ROXY: Oh yes you have to work hard at it, have great music for one, pay attention to what they like, have good PR work, lots of chat to make them feel at home etc., and also have great staff, and keep costs to minimum.
NVM: Cari, what are some things clubs are doing wrong that causes people to come a few times but not come back?
CARI: I hate when I land somewhere and no one speaks. That will keep me from going back to a place fast. We like to be very friendly and greet every single person that enters our club. We want to make them feel at home.
NVM: Shine, do you feel like if clubs would try more things to distinguish themselves instead of copying the way it’s always done, that they would get repeat or even better traffic?
SHINE: Like I stated before the potential is there for so much more. A majority of clubs are like, “that DJ is mine,” “that Host is mine,” and “those patrons are mine;” instead of sharing and networking with each other. Also making sure you are paying attention to everyone personally and not through gestures. Make them feel they belong and always have friends there.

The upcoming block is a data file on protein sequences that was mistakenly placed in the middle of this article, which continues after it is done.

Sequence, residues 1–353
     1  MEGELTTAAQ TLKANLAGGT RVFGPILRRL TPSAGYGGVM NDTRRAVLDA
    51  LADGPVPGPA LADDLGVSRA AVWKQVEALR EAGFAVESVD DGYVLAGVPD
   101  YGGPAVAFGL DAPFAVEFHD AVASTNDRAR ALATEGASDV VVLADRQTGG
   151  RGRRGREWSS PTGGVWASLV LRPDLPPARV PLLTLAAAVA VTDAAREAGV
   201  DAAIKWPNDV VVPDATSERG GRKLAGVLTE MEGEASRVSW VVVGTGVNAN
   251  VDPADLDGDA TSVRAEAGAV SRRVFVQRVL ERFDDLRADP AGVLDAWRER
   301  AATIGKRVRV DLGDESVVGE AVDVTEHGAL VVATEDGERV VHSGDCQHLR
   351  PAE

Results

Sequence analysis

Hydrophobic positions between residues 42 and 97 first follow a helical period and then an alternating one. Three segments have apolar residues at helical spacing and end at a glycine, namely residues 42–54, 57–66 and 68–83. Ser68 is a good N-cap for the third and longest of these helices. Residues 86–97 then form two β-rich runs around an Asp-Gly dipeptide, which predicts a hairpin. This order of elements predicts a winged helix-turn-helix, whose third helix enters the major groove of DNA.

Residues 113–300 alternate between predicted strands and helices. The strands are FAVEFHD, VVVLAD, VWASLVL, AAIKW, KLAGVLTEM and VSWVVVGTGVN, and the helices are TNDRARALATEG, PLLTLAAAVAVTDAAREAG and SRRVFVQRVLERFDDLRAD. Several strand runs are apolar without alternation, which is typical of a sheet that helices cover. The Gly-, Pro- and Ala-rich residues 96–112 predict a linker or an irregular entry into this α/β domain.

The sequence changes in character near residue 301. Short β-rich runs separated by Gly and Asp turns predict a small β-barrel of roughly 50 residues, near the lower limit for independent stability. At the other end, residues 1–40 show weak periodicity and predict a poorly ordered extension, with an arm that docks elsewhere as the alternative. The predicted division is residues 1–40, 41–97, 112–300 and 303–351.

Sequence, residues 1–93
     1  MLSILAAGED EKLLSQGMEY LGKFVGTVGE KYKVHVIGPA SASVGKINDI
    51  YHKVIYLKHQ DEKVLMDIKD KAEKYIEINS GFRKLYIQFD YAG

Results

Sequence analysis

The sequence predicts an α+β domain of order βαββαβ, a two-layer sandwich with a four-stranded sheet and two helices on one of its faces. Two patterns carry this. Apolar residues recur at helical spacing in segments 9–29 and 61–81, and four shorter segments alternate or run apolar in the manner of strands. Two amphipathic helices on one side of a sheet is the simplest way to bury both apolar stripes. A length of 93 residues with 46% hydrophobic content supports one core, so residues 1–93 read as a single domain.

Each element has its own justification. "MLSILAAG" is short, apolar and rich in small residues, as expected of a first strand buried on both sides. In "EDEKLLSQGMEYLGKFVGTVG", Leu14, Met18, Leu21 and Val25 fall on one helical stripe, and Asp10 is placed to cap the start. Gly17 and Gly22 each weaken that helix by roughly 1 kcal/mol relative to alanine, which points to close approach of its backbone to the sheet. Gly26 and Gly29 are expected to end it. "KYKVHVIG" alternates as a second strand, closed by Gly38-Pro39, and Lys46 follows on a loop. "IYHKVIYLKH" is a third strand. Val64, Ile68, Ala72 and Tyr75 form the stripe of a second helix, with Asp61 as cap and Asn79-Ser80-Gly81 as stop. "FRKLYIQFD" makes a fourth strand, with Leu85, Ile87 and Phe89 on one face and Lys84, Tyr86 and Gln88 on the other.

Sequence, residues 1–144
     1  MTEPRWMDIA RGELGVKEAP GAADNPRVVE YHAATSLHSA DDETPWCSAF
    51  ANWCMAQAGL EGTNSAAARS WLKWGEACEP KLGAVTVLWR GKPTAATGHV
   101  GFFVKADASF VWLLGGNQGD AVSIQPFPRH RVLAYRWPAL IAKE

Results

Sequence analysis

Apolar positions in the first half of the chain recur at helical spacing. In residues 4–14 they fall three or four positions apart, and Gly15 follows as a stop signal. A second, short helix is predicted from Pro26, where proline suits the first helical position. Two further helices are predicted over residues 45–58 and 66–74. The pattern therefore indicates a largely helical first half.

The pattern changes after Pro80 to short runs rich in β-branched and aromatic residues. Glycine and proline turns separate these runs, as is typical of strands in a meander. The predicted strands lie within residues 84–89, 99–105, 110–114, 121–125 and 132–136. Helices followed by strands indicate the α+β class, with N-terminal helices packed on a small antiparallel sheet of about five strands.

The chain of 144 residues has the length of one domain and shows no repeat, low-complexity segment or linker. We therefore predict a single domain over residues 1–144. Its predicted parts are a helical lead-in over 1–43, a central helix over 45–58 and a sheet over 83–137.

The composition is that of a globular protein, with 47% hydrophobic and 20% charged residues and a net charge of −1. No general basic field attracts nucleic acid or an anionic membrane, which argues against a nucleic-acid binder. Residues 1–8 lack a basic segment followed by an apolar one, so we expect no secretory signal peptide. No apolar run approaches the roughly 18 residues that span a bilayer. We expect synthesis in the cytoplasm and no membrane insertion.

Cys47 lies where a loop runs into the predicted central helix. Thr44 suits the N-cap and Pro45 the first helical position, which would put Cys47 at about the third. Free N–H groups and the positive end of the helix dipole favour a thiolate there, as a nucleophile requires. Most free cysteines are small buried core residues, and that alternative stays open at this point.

NVM: Let me follow-up on that more with you Shine by asking how did you guys know that allowing voice on for patron interaction during some events would work so well for you guys, when the rule for most clubs has been no voice activity to compete with the music?
SHINE: I personal hate text, and most people can multi-task. You listen to the radio and drive; you can do your work with YouTube playing in the background; so therefore you can talk and listen to the DJ and live singers. We usually ask who wants in the call and we will have a big group call going while still listening to the singer. It is a voice sim – if you don’t like it you can mute voice or go elsewhere. It works for us, but again it is all about making someone feel as if they belong.